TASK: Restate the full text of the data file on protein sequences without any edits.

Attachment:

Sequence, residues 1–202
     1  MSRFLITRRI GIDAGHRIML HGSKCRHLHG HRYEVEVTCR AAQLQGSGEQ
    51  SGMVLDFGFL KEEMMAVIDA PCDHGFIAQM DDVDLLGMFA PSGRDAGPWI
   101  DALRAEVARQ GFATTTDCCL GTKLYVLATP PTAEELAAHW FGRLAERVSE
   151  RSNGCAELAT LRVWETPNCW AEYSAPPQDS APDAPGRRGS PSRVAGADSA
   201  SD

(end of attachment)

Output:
Sequence, residues 1–202
     1  MSRFLITRRI GIDAGHRIML HGSKCRHLHG HRYEVEVTCR AAQLQGSGEQ
    51  SGMVLDFGFL KEEMMAVIDA PCDHGFIAQM DDVDLLGMFA PSGRDAGPWI
   101  DALRAEVARQ GFATTTDCCL GTKLYVLATP PTAEELAAHW FGRLAERVSE
   151  RSNGCAELAT LRVWETPNCW AEYSAPPQDS APDAPGRRGS PSRVAGADSA
   201  SD